Posted by: peterpi - Peter Gross on Saturday, 2 June 2012 at 11:09pm BST

Savi's article gives us food for thought - on the wisdom of ecumenical striving that might lead to the loss of our distinctive Anglican ethos of openness to the world. The Reformation took place for a reason - mainly, to free the Church from hierarchical exclusivism. Do we want to return to the domination of papal magisterial rule?

Posted by: Father Ron Smith on Sunday, 3 June 2012 at 11:32am BST

Peter, I believe the high-minded reason given for Vashti's refusal is found in midrashic commentaries rather than the text itself (the midrash interprets Ahasuerus' order that she appear wearing the crown to mean that that was *all* he wanted her to wear). Don't forget the whole idea of Esther "auditioning" for the role of wife and queen, along with the other maidens, either - she's not such a strong minded woman as to refuse that rather degrading procedure.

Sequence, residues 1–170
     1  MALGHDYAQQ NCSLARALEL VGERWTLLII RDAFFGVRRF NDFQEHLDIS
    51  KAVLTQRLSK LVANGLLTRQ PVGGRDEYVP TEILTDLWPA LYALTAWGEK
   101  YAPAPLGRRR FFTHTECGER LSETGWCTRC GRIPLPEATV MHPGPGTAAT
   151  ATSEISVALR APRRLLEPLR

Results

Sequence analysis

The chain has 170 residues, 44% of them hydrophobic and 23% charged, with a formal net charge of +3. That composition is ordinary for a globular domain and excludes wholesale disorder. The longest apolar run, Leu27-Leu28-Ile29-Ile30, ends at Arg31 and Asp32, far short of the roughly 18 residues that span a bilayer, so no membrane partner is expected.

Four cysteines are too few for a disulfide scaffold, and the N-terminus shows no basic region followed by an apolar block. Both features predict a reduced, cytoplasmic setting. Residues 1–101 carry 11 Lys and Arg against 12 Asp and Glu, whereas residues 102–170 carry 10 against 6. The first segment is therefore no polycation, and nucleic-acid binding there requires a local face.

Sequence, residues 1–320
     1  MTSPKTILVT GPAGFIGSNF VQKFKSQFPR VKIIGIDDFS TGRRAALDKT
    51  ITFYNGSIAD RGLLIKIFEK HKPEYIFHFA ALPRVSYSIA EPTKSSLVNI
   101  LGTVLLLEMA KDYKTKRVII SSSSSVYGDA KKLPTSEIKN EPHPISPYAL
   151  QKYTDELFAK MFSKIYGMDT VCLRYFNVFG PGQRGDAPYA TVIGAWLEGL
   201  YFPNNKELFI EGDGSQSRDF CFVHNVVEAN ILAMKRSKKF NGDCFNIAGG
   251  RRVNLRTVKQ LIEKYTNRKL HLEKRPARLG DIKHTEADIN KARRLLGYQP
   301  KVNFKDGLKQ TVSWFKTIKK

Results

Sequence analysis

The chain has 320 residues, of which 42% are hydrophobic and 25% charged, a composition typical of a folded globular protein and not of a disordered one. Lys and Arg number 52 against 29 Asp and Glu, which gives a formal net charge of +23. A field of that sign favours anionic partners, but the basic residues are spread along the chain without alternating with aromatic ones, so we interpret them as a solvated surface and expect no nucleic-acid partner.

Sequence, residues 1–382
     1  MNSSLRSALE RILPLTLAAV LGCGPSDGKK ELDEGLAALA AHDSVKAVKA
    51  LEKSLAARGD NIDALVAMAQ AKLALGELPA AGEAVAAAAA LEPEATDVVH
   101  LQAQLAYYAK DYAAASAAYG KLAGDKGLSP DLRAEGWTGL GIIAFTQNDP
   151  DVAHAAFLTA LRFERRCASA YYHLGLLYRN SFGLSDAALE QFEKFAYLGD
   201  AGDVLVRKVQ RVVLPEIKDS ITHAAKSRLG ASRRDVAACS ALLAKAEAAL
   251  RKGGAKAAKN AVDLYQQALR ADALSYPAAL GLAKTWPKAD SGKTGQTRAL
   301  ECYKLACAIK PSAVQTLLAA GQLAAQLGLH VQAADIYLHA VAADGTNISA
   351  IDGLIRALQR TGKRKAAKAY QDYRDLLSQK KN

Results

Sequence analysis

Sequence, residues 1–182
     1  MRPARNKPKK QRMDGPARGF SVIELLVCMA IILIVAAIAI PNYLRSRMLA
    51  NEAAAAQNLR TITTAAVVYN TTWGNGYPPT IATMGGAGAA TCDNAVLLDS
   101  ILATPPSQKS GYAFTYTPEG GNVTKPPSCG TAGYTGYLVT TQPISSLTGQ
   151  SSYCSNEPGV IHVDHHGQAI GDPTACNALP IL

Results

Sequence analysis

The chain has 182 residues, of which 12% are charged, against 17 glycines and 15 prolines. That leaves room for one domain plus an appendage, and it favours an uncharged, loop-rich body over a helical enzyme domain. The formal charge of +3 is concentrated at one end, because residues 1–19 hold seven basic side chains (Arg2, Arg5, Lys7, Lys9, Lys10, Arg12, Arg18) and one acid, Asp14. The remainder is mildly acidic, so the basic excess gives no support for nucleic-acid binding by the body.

Posted by: Bill Dilworth on Sunday, 3 June 2012 at 6:33pm BST

I like the general premise of " Saving Souls or Saving Seals", but I contest the implications in the title. One ought also to be concerned about saving North Atlantic cod stocks, saving a way of life for Canada's indigenous people, and the economic marginalization sealers. It is laudable to be a disciple, but a disciple, by definition, is one who is a learner.There is little value in trading one kind of smug fundamentalism for another.

Posted by: Rod Gillis on Monday, 4 June 2012 at 3:31am BST